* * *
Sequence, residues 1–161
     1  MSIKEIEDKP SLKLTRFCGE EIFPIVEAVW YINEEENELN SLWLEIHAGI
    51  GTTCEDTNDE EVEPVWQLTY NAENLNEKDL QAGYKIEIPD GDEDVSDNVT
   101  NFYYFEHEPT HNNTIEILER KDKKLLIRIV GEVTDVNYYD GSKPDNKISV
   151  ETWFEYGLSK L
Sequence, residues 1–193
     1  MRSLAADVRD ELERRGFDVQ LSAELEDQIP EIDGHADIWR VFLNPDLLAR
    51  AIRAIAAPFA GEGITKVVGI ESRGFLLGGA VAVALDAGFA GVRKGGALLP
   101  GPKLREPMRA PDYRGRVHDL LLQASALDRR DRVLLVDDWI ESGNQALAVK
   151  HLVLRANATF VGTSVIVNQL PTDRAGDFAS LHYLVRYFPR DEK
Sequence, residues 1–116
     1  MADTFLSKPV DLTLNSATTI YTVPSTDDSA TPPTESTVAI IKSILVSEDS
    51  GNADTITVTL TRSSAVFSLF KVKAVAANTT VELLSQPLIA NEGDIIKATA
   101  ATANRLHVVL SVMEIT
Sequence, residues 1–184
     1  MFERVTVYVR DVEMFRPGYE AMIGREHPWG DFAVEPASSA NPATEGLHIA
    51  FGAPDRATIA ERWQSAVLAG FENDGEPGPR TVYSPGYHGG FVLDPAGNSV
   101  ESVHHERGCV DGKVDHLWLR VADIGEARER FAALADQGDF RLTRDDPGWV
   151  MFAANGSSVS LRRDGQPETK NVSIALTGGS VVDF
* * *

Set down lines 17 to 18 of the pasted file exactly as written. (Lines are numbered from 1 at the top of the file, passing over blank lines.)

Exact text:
    51  FGAPDRATIA ERWQSAVLAG FENDGEPGPR TVYSPGYHGG FVLDPAGNSV
   101  ESVHHERGCV DGKVDHLWLR VADIGEARER FAALADQGDF RLTRDDPGWV